Recently I played through the new PC port of the open world RPG Horizon Zero Dawn. While playing it, I was struck by how much it felt like playing an MMORPG… but in all the wrong ways. Endless chores, forgettable side quests, and unfocused design. That’s not to say that the game doesn’t also have its strengths, but it was definitely worse for its MMOification.
It got me thinking about how elements of MMO design seem to be proliferating across all genres of gaming, and how that can be a double-edged sword. Today, I thought we could look at the dos and don’ts of stealing ideas from MMORPGs.
Do: Offer (optional) multiplayer
I’m a strong advocate for making MMOs more solo-friendly, but I’m also a strong advocate for making other genres more multiplayer friendly. I think everyone should always have the option. If you want to experience the game without ever needing to interact with another player, that should be an option. If you want to do the entire game with one or more friends from the moment you leave character creation, that should also be an option.
I know it won’t ever be practical for every game, but I dream of a day when the line between single-player and multiplayer games dissolves entirely, and it’s totally up to each person how to play.
So I’m generally in favor of more games offering multiplayer, even if it’s a separate mode like StarCraft II‘s co-op. It just needs to be an option rather than something you need to participate in to fully experience the game. Forcing multiplayer on people who don’t want it is never a good way to win fans.
Don’t: Pad your game with endless boring chores
Some people might be excited when they hear a single-player game boast about its massive open world and hundreds of hours of gameplay, but these days such claims mostly just make me wince. In practice, this usually means that the game has been padded out by reams of shallow sidequests and boring minigames.
When reading that Horizon Forbidden West will feature a larger world and a greater emphasis on exploration than its predecessor, I let out a sigh of deep spiritual exhaustion. Zero Dawn was already about twice as big as it needed to be.
This kind of design makes more sense in an MMO. An MMO is a virtual world; the point is to be able to set down roots, not to “finish” it. When I play other genres, I’m looking for a tighter experience I can finish in a reasonable length of time. It’s like the difference between a movie and a TV show. A twenty hour season is totally reasonable for a television show, but who wants to sit down to watch a twenty hour movie?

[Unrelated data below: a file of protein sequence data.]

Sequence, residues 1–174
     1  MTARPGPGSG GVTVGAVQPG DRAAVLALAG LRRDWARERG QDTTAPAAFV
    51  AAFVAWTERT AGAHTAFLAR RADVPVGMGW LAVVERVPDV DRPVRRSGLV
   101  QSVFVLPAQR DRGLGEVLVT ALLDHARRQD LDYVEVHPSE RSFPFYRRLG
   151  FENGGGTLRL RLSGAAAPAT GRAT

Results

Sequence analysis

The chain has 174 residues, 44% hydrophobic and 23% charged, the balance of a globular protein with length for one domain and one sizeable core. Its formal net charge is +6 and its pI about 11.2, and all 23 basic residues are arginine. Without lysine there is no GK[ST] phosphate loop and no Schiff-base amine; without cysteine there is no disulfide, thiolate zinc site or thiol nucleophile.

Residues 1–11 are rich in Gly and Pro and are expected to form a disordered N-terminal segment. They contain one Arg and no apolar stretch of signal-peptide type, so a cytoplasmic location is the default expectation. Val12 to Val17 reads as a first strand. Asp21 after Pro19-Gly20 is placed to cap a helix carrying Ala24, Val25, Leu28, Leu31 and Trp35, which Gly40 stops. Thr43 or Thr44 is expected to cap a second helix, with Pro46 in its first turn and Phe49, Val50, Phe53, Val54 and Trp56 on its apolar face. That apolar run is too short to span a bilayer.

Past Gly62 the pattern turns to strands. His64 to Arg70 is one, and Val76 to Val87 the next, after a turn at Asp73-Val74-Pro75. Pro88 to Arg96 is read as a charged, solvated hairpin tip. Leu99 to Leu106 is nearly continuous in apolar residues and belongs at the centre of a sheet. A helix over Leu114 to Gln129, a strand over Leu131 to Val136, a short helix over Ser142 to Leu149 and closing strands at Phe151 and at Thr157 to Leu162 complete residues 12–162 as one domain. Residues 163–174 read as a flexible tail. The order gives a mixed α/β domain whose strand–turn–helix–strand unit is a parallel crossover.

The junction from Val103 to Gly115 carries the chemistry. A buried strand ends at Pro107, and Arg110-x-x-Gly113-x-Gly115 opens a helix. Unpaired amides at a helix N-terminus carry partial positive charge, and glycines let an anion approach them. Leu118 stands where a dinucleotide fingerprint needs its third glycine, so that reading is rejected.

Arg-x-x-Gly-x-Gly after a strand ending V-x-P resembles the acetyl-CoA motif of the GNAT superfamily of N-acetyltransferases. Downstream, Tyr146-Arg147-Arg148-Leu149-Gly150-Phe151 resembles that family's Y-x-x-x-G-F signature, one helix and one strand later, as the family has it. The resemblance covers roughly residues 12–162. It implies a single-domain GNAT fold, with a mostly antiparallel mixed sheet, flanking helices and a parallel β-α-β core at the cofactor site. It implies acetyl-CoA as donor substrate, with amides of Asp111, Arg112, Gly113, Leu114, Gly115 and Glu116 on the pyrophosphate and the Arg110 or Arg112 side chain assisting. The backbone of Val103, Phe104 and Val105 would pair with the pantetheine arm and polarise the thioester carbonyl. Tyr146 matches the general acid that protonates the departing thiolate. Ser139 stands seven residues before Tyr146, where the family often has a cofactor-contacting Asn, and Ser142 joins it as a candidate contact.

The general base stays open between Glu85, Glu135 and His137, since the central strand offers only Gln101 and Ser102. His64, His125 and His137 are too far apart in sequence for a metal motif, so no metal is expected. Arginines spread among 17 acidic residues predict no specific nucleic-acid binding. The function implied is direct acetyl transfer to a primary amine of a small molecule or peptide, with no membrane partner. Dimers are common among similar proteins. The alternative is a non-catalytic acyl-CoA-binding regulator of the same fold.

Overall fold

Some single-player games can make the sprawling open world concept work, but the fact is this is a style of gameplay that an MMO is just always going to do better.
Where it gets fuzzy is pseudo-MMOs like The Division or Anthem that aren’t single-player games but aren’t full virtual worlds either. I won’t say that going big is necessarily a bad idea there, but it is important for developers to remember that more content doesn’t always equal a better experience. Don’t sacrifice quality for quantity.
Frankly, even a lot of true MMOs could stand to learn that lesson.
Do: Continue updates in the long term
As someone who isn’t particularly social, for me the best thing about MMOs is their longevity. It’s wonderful to be able to keep coming back to one of your favorite games for months and years and have new stuff to do every time.
Not every game needs to continue updates indefinitely like an MMO, and assuming that they should could lead to disappointment, like for those people who unjustly consider StarCraft II a failure because it doesn’t have the same level of ongoing support as World of Warcraft. But certainly continuing a steady stream of updates and DLC for at least a year or two can be a wonderful way to extend the life of a great game.
I’m also excited by the idea of moving towards expansions and updates to existing games rather than traditional sequels that fracture communities and force people to start over from scratch. The upcoming Overwatch 2 is a great example of a way to breathe new life into an existing game. Perhaps there are technical issues with the idea, but as a consumer I don’t really see why The Division 2 couldn’t have just been a large expansion to the original game. Price it the same if you like, but there was no need to divide players and make us start over.
Long-term updates can also present a partial solution to the above issue of too much filler. Instead of providing hundreds of hours of gameplay by doing a single release padded by tedious filler content, provide hundreds of hours of gameplay by regularly introducing new updates that continue a game’s story or otherwise move it forward in a meaningful way.
Don’t: Jump on the endless balance roller coaster
As one of my esteemed colleagues recently pointed out, balance is overrated. In reality precise mechanical balance is necessary in games only when direct competition between players is the focus, and even then perfect balance is virtually impossible to achieve without watering a game down so heavily no one would ever want to play it.
Balance changes may still be necessary to deal with extreme outliers in terms of over or underpowered classes or abilities, but for most games it shouldn’t take too long to achieve a sufficient level of balance.
Unfortunately, the open-ended nature of MMO development often leads to an equally endless cycle of buffs and nerfs as developers chase an unattainable ideal of balance. It may keep things fresh for the most dedicated players, but for everyone else it’s exhausting, and a massive barrier to re-entry for lapsed casual players.
This isn’t something you should want to emulate. The value of endless balance adjustments in an MMO is questionable at best. For smaller games, it’s downright toxic, and people who aren’t used to an MMO’s cycle of balance are unlikely to tolerate such instability.